Source and Distribution of Emerging and Legacy Persistent Organic Pollutants in the Basins of the Eastern Indian Ocean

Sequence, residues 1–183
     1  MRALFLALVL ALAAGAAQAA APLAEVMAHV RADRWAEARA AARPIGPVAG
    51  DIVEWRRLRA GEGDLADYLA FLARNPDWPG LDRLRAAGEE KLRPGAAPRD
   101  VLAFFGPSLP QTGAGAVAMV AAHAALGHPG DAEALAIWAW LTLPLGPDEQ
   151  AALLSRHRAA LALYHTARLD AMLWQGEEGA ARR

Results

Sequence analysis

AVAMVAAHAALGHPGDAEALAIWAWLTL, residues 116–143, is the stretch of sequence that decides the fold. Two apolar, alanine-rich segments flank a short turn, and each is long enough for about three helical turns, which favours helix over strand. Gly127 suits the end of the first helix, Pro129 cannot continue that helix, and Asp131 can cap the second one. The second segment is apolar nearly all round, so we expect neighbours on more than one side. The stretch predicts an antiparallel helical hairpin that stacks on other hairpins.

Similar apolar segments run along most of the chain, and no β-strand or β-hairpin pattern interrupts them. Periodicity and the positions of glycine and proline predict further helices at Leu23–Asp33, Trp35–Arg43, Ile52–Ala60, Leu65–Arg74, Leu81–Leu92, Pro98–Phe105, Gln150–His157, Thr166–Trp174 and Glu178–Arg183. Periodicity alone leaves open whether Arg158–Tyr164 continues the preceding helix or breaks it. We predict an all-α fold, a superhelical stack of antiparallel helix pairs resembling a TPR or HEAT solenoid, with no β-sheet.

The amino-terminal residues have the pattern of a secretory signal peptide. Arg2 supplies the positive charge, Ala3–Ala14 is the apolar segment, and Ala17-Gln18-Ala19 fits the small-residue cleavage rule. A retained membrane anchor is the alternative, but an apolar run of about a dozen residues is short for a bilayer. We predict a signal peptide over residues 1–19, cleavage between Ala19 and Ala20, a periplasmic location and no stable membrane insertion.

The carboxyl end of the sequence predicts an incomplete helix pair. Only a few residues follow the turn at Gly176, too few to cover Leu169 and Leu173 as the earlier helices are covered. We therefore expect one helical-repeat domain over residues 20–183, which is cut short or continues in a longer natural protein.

Persistent organic pollutants (POPs) have received significant and ongoing attention. To establish favorable regulatory policies, it is vital to investigate the occurrence, source, and budgets of POPs worldwide. POPs including phthalic acid esters (PAEs), organophosphate esters (OPEs), brominated flame retardants (BFRs), and highly chlorinated flame retardants (HFRs) have not yet been examined in the Eastern Indian Ocean (EIO). In this study, the distribution of POPs has been investigated from surface sediments with the depth of 4369–5742 m in the Central Indian Ocean Basin (CIOB) and Wharton Basin (WB) of EIO. The average (±SD) concentrations of ∑11PAEs, ∑11OPEs, ∑4 BFRs, and ∑5HFRs were 1202.0 ± 274.36 ng g–1 dw, 15.3 ± 7.23 ng g–1 dw, 327.6 ± 211.74 pg g–1 dw, and 7.9 ± 7.45 pg g–1 dw, respectively. The high abundance of low-molecular-weight (LMW) PAEs, chlorinated OPEs, LMW BDEs, and anti-Dechlorane Plus indicated the pollution characteristics in the EIO. Correlation analysis demonstrated that LMW compounds may be derived from the high-molecular-weight compounds. The monsoon circulation, currents, and Antarctic Bottom Water may be the main drivers. POP accumulation rate, depositional flux, and mass inventory in the Indian Ocean were also estimated.
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